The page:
The restoration of Seattle’s first public park included the demolition and replacement of the existing infrastructure and facilities including all concrete walks and paths which were reconstructed to blend with the original historic park surroundings, replacement of drives and parking areas, storm and sewer upgrades using noninvasive pipe bursting methods along with new park lighting and irrigation.
Performed for the Seattle Department of Transportation, the project encompassed 25 blocks of Roosevelt Way in the University District. The work included milling and repaving the roadway, ADA compliant sidewalks and sidewalk ramps at intersections, pedestrian lighting and signaling, bus stops and new bike lanes.
This project for Snohomish County included rehabilitating a roadway and underground storm retention system though a peat bog which required micro pin piling under the roadway to support and distribute weight and load of the roadway. The work included concrete curb, sidewalk and gutter, utilities, storm water treatment and retention vault, retaining walls, pin piles, concrete support slabs, paving and landscaping.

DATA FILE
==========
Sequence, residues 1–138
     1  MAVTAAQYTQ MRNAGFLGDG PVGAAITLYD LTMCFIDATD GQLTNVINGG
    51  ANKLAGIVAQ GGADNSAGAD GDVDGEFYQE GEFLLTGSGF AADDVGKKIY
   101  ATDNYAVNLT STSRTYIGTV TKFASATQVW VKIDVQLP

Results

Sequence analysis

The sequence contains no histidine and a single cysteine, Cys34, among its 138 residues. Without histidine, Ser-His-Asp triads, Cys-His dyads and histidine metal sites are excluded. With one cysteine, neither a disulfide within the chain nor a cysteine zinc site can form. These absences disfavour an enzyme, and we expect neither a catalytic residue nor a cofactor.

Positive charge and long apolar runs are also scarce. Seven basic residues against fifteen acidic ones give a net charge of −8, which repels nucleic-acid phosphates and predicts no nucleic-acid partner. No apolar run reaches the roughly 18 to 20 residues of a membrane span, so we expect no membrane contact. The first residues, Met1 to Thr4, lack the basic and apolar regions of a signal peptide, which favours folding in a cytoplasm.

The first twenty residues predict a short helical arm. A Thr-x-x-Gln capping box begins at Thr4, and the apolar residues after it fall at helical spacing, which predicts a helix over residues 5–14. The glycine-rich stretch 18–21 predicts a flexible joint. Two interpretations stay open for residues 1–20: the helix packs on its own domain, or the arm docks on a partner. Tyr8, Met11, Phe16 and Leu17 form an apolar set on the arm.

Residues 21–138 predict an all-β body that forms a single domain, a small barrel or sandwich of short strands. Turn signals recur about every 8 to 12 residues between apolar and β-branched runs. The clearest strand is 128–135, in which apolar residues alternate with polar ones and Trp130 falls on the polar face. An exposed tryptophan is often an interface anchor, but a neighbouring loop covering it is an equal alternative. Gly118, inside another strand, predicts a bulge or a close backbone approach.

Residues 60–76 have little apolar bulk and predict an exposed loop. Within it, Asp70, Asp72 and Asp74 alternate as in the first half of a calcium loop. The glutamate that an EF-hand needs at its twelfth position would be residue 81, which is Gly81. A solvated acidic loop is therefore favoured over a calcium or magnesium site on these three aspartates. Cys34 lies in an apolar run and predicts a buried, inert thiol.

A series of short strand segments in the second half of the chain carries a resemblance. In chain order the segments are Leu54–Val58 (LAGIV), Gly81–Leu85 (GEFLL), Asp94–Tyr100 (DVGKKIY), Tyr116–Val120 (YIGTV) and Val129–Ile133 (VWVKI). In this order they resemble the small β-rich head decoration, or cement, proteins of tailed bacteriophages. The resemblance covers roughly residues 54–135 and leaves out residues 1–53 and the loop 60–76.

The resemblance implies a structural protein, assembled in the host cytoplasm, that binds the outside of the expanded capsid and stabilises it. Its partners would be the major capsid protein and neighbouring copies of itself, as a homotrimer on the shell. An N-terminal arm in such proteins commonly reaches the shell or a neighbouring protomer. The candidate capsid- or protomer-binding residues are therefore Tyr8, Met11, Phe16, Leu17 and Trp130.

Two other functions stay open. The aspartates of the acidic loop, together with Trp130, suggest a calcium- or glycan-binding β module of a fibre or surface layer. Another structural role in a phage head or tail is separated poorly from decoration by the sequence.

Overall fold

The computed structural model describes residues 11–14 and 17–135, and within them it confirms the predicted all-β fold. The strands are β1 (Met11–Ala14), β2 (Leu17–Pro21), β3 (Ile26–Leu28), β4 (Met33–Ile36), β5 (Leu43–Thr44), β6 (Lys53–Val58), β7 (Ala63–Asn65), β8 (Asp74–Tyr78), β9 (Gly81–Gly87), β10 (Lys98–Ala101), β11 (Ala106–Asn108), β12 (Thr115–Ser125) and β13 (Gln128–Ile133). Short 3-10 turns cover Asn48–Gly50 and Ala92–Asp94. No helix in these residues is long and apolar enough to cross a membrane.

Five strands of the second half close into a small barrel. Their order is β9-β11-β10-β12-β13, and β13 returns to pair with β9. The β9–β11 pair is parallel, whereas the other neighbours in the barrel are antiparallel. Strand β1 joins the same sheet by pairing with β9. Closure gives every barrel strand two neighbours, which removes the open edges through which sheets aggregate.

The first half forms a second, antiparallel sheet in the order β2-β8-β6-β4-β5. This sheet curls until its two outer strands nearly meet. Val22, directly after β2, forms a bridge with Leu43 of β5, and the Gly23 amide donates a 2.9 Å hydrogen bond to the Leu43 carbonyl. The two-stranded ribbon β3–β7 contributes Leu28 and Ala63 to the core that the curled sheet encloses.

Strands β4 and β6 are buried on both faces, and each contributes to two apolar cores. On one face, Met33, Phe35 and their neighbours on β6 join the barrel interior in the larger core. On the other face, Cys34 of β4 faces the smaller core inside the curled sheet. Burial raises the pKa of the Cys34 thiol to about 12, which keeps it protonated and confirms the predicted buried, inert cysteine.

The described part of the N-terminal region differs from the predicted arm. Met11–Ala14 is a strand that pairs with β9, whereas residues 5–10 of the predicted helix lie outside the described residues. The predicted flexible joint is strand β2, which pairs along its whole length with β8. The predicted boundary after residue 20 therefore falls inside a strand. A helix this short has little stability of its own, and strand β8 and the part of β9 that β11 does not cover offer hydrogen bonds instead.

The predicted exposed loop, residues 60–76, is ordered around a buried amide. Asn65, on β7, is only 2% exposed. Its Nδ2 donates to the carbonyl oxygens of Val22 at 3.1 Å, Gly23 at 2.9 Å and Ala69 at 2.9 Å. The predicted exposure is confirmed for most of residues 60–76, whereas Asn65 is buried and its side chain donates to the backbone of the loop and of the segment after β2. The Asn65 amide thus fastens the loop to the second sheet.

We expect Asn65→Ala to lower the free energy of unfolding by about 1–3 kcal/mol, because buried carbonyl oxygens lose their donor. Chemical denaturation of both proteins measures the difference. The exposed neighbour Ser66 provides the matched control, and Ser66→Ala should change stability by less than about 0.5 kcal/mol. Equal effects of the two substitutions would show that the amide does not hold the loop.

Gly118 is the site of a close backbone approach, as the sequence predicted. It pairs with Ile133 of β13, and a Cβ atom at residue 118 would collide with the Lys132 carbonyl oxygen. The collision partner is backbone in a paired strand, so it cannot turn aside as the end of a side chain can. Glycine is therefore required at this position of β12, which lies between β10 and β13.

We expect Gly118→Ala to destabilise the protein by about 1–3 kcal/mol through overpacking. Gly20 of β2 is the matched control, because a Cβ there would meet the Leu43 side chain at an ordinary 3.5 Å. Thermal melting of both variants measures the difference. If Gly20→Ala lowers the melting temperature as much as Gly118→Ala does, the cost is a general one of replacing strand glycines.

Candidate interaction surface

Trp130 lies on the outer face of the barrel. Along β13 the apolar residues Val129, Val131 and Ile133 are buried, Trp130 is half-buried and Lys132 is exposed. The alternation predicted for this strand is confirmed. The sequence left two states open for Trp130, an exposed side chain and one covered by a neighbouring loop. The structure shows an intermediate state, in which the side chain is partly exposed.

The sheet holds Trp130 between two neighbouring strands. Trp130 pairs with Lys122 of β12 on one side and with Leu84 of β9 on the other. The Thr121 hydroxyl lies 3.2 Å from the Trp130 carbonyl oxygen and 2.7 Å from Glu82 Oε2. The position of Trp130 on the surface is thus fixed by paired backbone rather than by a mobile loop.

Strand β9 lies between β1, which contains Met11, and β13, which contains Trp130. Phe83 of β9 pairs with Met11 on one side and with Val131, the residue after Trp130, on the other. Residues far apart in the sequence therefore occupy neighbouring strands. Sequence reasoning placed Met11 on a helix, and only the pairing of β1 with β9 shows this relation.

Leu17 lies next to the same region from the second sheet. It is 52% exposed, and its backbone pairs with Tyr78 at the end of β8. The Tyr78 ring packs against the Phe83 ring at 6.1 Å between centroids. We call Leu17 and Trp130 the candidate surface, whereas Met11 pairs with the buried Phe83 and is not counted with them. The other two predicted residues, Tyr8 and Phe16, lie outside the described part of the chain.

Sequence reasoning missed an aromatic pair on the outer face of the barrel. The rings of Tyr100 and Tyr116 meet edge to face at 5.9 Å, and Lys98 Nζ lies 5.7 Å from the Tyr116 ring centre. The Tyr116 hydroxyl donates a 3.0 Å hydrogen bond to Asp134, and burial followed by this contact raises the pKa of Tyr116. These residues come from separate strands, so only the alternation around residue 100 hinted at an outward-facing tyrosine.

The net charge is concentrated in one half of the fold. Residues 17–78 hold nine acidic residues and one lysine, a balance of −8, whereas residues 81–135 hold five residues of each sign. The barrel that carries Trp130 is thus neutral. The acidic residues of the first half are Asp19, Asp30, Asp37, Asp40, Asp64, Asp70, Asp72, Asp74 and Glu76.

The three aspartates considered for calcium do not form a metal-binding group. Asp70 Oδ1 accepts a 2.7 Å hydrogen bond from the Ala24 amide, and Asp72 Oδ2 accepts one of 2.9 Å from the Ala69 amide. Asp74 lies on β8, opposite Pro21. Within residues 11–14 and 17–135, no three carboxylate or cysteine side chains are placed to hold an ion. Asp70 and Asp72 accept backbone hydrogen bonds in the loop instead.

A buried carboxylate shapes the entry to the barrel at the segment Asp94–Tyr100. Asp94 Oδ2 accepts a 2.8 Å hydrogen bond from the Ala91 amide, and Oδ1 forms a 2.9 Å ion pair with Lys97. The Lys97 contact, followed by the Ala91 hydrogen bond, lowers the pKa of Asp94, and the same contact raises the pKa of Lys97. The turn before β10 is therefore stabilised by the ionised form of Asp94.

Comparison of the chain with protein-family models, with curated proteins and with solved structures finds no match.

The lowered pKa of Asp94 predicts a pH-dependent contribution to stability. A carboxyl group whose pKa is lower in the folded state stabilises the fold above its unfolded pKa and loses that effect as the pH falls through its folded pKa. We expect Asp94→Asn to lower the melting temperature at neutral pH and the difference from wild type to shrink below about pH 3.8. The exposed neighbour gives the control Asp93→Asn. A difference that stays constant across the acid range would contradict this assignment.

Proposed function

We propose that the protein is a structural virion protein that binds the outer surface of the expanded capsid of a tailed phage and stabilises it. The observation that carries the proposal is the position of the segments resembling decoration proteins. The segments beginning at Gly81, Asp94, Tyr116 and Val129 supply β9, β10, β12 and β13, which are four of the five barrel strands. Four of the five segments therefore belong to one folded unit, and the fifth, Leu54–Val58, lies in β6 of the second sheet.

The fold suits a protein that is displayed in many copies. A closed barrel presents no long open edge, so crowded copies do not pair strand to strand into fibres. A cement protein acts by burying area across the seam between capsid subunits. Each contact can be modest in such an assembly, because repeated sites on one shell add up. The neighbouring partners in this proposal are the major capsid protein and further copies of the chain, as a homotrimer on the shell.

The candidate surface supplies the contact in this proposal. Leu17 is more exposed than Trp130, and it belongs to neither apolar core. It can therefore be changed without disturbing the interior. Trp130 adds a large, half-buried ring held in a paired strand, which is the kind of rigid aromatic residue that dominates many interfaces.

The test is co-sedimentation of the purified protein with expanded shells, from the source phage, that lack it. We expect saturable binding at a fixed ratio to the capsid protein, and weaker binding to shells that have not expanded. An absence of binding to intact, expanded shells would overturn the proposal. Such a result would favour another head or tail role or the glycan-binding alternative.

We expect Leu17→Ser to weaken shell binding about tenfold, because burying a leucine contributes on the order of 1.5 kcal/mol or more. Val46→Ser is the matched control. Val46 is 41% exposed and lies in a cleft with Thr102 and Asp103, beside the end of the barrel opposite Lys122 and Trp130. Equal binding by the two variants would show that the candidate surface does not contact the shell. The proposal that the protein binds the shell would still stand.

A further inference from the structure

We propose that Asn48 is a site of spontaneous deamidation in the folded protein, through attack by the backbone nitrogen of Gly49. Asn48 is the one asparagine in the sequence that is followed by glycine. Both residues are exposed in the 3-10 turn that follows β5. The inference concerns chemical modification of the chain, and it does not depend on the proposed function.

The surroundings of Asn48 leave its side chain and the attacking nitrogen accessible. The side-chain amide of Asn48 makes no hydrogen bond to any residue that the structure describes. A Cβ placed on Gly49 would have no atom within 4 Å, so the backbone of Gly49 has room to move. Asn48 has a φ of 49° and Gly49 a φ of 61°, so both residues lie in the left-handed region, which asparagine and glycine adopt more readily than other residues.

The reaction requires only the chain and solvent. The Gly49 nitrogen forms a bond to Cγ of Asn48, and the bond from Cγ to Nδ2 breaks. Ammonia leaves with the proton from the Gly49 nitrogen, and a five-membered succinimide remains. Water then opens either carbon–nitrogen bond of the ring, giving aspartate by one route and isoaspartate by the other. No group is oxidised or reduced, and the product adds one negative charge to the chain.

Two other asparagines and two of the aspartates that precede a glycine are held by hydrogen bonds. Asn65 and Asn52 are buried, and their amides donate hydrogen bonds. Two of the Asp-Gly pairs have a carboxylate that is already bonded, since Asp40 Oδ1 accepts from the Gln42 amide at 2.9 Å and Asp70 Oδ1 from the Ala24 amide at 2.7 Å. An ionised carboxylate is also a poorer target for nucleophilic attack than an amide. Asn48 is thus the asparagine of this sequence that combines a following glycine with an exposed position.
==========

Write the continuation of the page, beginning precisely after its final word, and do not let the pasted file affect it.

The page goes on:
Completed for WSDOT, this $2.4 mm project was completed in 30 working days under strict environmentally sensitive conditions. The work included restoration and protection of SR 530 where the Sauk River was compromising the highway. With the installation of H steel piles incorporated with armor rock and several hundreds 24” diameter log root wads, the bank and roadway were successfully protected.
The US Dept. of Agriculture & Natural Resources Conservation Service demonstration project included the design and installation of patent-pending Buoyancy Compensated Erosion Control Module shoreline protection system along a highly erosive shoreline near the Gulf of Mexico.
Completed for the US Army Corps of Engineers, the scope included 200-foot-long breakwater, 60-foot-long wave absorber, 9.5-foot-deep entrance channel, and a 7.5-foot-deep turning basin, installation of reinforced concrete pile columns reinforced with layers of 30-ton cast onsite concrete dolosses.